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Ukraine nuclear plant shelled, United Nations warns: ‘You’re playing with fire!’

More than a dozen blasts shook Europe’s biggest nuclear power plant on Saturday evening and Sunday, the International Atomic Energy Agency (IAEA) said.

Ukraine nuclear plant shelled, United Nations warns: ‘You’re playing with fire!’
A view shows Zaporizhzhia Nuclear Power Plant from the town of Nikopol, amid Russia's attack on Ukraine, in Dnipropetrovsk region, Ukraine November 7, 2022. (Photo source: AP)

Ukraine‘s Zaporizhzhia nuclear power plant, which is under Russian control, was rocked by shelling on Sunday, drawing condemnation from the U.N. nuclear watchdog which said such attacks risked a major disaster. More than a dozen blasts shook Europe’s biggest nuclear power plant on Saturday evening and Sunday, the International Atomic Energy Agency (IAEA) said.

Moscow and Kyiv both blamed the other for the shelling of the facility as they have done repeatedly in recent months after earlier explosions. IAEA head Rafael Grossi said news of the blasts was extremely disturbing. “Explosions occurred at the site of this major nuclear power plant, which is completely unacceptable. Whoever is behind this, it must stop immediately. As I have said many times before, you’re playing with fire!” he said in a statement.

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Citing information provided by plant management, the IAEA team on the ground said there had been damage to some buildings, systems and equipment, but none of them critical for nuclear safety and security so far. The team plans to conduct an assessment on Monday, Grossi said in a statement issued later on Sunday. Russian nuclear power operator Rosenergoatom though said there would be curbs on what the team could inspect.

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“They interpret their mandate as having no limits. This is not so,” Renat Karchaa, an adviser to Rosenergoatom’s CEO, told Tass news agency. “If they want to inspect a facility that has nothing to do with nuclear safety, access will be denied. “Repeated shelling of the plant in southern Ukraine has raised concern about the potential for a grave accident just 500 km (300 miles) from the site of the world’s worst nuclear accident, the 1986 Chornobyl disaster.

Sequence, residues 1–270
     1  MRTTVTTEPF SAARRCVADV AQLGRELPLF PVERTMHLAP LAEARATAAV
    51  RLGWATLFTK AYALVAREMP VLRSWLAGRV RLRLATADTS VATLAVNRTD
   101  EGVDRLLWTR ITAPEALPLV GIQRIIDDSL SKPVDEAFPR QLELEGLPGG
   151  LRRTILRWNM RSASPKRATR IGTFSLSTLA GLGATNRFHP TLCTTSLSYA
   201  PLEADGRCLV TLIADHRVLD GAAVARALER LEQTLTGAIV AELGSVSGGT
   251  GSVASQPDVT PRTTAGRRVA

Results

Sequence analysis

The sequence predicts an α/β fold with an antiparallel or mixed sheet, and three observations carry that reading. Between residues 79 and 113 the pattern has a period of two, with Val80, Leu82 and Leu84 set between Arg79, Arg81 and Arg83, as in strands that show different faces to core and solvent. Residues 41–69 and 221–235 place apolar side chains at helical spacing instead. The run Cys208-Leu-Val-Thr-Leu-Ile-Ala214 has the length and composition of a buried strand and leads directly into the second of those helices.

The Zaporizhzhia nuclear power plant provided about a fifth of Ukraine’s electricity before Russia’s invasion, and has been forced to operate on back-up generators a number of times. It has six Soviet-designed VVER-1000 V-320 water-cooled and water-moderated reactors containing Uranium 235.The reactors are shut down but there is a risk that nuclear fuel could overheat if the power driving the cooling systems was cut. Shelling has repeatedly cut power lines. Grossi, asked by French TV channel BFM whether he planned to go to Zaporizhzhia, replied “To be sure”, but gave no details.

SIDES SWAP BLAME

Russia’s defence ministry said Ukraine fired shells at power lines supplying the plant, while TASS cited Karchaa as saying some storage facilities had been hit by Ukrainian shelling. He said the shells had been fired near a dry nuclear waste storage facility and a building that houses fresh spent nuclear fuel, but that no radioactive emissions had currently been detected, according to TASS.

Ukraine’s nuclear energy firm Energoatom accused the Russian military of shelling the site and said there were at least 12 hits on plant infrastructure. It said Russia had targeted the infrastructure necessary to restart parts of the plant in an attempt to further limit Ukraine’s power supply.

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